Dedigout digs in

Speaking of Dedigout, the performance that the Gigginstown House horse put up in landing that Lismullen Hurdle was impressive.  He was in behind and under pressure from the second last flight, but he picked up impressively for Davy Russell, and he stayed on gallantly to get the better of Mala Beach on the run-in, the pair of them clear of Captain Cee Bee.

It was reasonable to view this race as a sighter for Dedigout in advance of a return to steeplechasing, an exciting second-season chaser.  However, such was the quality of his performance on Sunday, it would not be surprising if Gigginstown and Tony Martin decided to leave him over hurdles, at least for the time being.  This was his first run over the smaller obstacles since he won the Grade 1 Champion Novice Hurdle at the 2012 Punchestown Festival, but he showed no sign of a lack of match practice.  He has now won five of his six races over hurdles, which compares favourably with a record of two for eight over fences.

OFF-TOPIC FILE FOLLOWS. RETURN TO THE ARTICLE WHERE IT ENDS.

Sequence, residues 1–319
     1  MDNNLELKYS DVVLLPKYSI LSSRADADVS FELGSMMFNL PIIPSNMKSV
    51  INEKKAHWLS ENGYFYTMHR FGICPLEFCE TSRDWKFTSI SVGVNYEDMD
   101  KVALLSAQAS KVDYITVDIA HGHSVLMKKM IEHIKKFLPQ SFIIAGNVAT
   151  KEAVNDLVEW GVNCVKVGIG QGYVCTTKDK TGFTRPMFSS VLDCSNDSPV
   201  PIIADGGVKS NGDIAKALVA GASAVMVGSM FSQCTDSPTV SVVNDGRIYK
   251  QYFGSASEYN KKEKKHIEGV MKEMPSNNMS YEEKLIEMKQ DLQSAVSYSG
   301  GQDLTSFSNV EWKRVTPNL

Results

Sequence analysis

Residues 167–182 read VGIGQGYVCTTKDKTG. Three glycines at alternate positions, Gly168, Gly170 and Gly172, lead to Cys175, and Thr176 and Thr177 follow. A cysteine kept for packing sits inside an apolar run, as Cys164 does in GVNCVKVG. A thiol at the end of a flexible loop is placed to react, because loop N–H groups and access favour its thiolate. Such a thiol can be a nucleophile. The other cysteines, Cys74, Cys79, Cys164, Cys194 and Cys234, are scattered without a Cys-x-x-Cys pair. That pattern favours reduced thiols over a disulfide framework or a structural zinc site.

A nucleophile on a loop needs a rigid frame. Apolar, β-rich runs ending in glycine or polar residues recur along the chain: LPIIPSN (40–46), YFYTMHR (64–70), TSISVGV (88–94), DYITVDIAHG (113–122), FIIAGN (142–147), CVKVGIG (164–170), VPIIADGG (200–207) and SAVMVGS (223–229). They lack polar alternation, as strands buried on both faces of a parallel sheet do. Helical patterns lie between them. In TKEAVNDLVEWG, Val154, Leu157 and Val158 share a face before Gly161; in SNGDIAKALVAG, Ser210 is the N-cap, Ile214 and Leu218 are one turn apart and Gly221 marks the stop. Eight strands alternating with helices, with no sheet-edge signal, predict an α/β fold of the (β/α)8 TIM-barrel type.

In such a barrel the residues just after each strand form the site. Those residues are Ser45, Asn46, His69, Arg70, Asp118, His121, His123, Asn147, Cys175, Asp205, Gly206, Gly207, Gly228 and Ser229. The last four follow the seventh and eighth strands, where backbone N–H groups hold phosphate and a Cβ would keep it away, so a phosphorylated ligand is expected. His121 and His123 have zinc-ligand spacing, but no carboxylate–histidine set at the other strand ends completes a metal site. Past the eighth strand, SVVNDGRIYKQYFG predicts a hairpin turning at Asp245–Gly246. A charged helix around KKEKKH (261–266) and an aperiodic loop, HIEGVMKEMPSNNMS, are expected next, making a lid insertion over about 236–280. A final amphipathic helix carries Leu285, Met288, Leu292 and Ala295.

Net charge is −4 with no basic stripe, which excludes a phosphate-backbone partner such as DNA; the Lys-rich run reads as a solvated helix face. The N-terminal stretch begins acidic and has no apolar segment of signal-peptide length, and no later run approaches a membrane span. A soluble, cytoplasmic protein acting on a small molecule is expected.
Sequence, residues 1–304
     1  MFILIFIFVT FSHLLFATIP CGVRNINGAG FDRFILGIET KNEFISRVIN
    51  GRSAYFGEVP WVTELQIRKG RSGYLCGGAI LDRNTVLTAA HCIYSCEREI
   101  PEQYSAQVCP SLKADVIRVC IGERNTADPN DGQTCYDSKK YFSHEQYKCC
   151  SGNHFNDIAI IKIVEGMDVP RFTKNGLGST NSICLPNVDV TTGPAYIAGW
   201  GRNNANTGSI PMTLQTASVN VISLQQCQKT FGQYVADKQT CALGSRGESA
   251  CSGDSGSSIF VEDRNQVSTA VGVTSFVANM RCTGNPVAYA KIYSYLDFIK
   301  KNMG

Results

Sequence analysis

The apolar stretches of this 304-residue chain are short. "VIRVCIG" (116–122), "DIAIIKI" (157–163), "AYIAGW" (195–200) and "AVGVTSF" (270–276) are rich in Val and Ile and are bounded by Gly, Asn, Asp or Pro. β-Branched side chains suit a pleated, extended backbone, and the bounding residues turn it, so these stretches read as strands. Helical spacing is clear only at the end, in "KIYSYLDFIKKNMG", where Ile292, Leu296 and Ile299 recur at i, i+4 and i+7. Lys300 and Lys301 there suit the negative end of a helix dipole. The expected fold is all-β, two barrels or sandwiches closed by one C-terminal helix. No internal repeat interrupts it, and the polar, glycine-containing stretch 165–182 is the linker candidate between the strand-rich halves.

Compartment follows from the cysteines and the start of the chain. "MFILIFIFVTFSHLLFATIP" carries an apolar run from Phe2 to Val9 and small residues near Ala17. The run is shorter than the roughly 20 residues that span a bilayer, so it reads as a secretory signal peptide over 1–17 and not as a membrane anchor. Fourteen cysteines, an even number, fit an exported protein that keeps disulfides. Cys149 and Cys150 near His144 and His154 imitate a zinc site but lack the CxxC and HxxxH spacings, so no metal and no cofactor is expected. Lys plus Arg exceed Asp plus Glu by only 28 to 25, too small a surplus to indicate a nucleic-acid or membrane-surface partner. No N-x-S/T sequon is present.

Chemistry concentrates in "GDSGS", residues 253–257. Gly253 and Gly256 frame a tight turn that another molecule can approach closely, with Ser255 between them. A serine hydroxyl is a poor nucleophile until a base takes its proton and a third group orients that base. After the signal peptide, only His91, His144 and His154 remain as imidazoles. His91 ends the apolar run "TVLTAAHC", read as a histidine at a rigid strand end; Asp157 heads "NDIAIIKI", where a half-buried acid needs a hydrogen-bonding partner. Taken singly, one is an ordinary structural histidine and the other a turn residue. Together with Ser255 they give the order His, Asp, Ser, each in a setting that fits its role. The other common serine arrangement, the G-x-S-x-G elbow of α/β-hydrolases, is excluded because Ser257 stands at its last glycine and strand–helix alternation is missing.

Gigginstown are not at all averse to allowing their star chasers return to hurdles.  War Of Attrition made hay over hurdles in the spring of 2010, winning two Grade 2 contests four years after he had won the Gold Cup.  And Bog Warrior – trained, like Dedigout, by Tony Martin – won three hurdle races on the spin last season having returned from chasing, and might have gone very close in the World Hurdle had he not fractured his near-fore on the run down the hill.

Dedigout holds entries in the Troytown Chase and the Hennessy Gold Cup but, with an embarrassment of Gigginstown riches in the staying steeplechasing department, it would not be at all surprising if we saw Dedigout race over hurdles again some time soon.  Bookmakers’ quotes about him for the World Hurdle are not outlandish.

Rendezvous Champion class

Melodic Rendezvous deserves to be mentioned as a real live Champion Hurdle contender now after putting up an impressive performance to land the Elite Hurdle at Wincanton on Saturday.

Relatively weak in the market beforehand, probably a manifestation of trainer Jeremy Scott’s view that he would come on for the run, he travelled well through the race, but he lost his footing a little on rounding the home turn.  That could have caused him to lose concentration at the second last flight, which comes up quite quickly after the home turn, and a mistake there allowed Far West steal a break of about four lengths.